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|The Nets' Devin Harris is having an All-Star-caliber start to the season with a PER of 27.60.|
Every year as the season hits the one-quarter post, one of the questions I start asking myself is who might make the All-Star team from each conference.
Usually at this point there's still an overflow of qualified candidates from both conferences, which makes narrowing the list difficult. This season, unusually, there isn't.
Here are John Hollinger's top five NBA observations for Monday. Insider
• Marcus Camby's strong start
• Teams in lottery hunt already
• Detroit's Sunday woes continue
• Kwame Brown playing like his old self
• Battle of the rebounding machines
Take the East, for instance, where only 10 players playing heavy minutes entered Sunday's game with a player efficiency rating above 20 -- the typical threshold of All-Star-caliber performance.
Among those 10 is a rising star we wouldn't have expected to be there at the start of the season: point guard Devin Harris of New Jersey, who has a PER of 27.60.
The list also includes some surprising bounce-back veterans. Harris' thought-to-be-declining teammate, Vince Carter (22.80), has regained his old form, while in Cleveland, center Zydrunas Ilgauskas (24.59) is having his best season yet.
Throw in the usual suspects -- center Dwight Howard (28.31), forwards LeBron James (32.64), Kevin Garnett (21.28) and Chris Bosh (24.31) and guard Dwyane Wade (31.82) -- and you have eight of the 12 All-Star roster spots filled.
For the last four spots, there are a lot of contending players who have strong PER ratings. Three front-runners for those spots include Boston's Rajon Rondo and Ray Allen and Atlanta's Joe Johnson. Rondo has a PER of 19.40 and is the league's best defender at his position, Allen (19.44) has been a go-to scorer on the juggernaut with a 20-2 record, and Johnson (19.97) just misses the 20 rating and is the best player on one of the league's most surprising teams.
That leaves us with spot No. 12, where the two best remaining PERs belong to Antawn Jamison (22.56) and Caron Butler (21.81) of Washington -- a team that is just 3-15. The biggest name that hasn't been accounted for belongs to Paul Pierce (16.15), who is scuffling along at just 39.7 percent from the field.
The leader at this moment would have to be Indiana's Danny Granger (18.73). He's off to a strong start and should see his numbers improve now that the Pacers' brutal early schedule is over.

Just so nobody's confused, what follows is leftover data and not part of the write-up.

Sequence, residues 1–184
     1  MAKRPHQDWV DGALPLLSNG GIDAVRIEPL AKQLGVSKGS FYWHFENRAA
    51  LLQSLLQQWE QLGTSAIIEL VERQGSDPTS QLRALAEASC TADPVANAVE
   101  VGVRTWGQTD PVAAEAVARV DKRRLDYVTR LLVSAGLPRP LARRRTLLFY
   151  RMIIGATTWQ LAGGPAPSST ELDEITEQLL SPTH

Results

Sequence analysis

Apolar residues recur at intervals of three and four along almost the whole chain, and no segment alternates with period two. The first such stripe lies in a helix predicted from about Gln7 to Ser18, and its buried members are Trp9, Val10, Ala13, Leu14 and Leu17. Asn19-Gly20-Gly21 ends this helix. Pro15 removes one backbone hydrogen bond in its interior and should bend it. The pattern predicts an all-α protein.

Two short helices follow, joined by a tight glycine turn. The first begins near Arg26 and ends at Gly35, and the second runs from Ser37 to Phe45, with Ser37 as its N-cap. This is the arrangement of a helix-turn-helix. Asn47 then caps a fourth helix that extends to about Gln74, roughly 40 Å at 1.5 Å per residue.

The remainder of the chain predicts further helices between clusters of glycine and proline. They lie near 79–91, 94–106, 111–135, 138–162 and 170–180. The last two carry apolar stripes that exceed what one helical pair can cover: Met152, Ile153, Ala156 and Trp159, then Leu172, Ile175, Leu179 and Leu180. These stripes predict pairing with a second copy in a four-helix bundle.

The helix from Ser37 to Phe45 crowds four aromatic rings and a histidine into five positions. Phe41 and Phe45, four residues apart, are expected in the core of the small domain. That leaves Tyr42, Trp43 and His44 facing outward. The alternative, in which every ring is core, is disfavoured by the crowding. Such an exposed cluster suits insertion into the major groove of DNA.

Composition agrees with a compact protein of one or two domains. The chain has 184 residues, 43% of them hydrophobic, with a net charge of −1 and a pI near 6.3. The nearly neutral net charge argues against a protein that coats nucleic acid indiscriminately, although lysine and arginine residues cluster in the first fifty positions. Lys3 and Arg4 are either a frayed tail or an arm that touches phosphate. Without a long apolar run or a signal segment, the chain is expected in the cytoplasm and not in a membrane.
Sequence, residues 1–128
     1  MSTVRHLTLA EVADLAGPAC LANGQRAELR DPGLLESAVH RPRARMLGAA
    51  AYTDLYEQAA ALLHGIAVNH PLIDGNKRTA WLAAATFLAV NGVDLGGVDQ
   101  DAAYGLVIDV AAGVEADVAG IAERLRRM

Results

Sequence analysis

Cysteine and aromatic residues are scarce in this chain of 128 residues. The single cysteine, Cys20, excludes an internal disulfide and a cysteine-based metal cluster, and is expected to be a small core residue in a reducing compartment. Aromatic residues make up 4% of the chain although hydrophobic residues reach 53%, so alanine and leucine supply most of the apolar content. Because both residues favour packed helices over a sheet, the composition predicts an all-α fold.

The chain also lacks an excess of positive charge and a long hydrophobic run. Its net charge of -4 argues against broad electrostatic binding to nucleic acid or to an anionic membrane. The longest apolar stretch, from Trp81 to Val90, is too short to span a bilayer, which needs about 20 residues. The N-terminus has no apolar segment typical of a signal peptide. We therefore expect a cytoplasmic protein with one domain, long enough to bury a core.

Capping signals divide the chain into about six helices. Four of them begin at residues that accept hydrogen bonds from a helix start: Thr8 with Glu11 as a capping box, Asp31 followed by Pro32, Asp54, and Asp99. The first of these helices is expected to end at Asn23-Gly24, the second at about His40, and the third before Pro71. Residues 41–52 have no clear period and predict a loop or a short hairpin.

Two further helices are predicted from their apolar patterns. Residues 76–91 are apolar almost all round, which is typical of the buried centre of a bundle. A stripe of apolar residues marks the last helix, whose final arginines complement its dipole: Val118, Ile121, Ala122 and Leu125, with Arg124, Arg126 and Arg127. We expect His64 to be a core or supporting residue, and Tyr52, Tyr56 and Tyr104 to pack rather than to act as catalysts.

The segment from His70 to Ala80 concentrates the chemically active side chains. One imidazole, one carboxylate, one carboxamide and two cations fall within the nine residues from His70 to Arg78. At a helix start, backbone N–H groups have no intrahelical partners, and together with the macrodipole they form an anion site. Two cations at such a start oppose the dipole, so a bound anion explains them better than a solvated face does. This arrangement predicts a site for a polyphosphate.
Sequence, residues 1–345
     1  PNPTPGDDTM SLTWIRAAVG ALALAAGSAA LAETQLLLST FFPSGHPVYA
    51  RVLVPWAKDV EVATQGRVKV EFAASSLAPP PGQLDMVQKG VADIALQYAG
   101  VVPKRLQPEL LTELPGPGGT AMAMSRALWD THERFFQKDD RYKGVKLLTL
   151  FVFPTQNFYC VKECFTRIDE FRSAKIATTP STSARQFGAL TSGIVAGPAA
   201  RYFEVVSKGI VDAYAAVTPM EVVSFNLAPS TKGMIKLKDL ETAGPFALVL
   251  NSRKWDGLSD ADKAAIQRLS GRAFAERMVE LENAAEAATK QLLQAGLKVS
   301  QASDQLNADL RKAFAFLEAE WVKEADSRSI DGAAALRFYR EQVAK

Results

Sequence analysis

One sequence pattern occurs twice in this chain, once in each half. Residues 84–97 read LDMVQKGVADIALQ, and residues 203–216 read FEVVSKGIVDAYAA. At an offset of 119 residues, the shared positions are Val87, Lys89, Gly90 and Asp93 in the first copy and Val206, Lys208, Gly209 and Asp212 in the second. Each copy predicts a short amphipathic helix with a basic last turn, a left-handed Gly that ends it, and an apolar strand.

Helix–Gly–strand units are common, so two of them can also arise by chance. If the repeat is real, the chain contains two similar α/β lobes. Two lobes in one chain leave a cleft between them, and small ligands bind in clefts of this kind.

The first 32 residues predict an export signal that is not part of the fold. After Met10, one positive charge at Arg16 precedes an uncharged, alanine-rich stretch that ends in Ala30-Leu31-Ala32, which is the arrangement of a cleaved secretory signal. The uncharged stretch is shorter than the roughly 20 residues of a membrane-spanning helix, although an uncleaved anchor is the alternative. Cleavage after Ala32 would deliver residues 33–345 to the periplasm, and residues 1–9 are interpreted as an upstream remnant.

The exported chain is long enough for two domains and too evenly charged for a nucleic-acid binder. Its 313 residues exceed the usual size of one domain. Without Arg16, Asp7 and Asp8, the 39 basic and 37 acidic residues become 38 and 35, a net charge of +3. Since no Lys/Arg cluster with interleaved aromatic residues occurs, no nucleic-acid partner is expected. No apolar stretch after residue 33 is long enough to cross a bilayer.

Out West, it's only slightly more complicated.
Five guard spots are basically signed, sealed and delivered for Kobe Bryant (24.99), Chris Paul (31.65), Brandon Roy (22.22), Tony Parker (28.05) and Chauncey Billups (22.09). Three forward spots can be etched in stone for Tim Duncan (26.07), Dirk Nowitzki (23.69) and Amare Stoudemire (22.74). And, of course, Yao Ming (22.87) is expected to be voted in at center again.
That leaves three spots up for grabs, which is interesting because we have taken only one Laker, and I haven't mentioned Deron Williams or Carlos Boozer yet.
In addition, we have a surplus of qualified backup center candidates. L.A. has two in Andrew Bynum (21.49) and Pau Gasol (22.03), but Denver's Nene (20.32), Minnesota's Al Jefferson (22.32) and Golden State's Andris Biedrins (21.05) have all made strong cases with their early play.
Unfortunately for Biedrins and Jefferson, they'll likely face the same obstacle that Jamison and Butler do: Coaches are extremely hesitant to vote for players on teams with losing records unless they put up overwhelming numbers.
So in the end, Gasol and Williams (presuming a return to preinjury form) figure to get two of the final three spots, with Bynum and Boozer slugging it out for the last invitation. If so, that would leave Nene and Dallas' Jason Terry out in the cold although their teams have winning records and they've performed at All-Star levels thus far.
Of course, a lot of water can and will go under the bridge between now and February in terms of hot streaks, slumps and injuries, so the eventual 12-man squads might look very different from those presented above. But if anyone I didn't mention wants to make a case for belonging, time's a-wasting.
John Hollinger writes for ESPN Insider. To e-mail him, click here.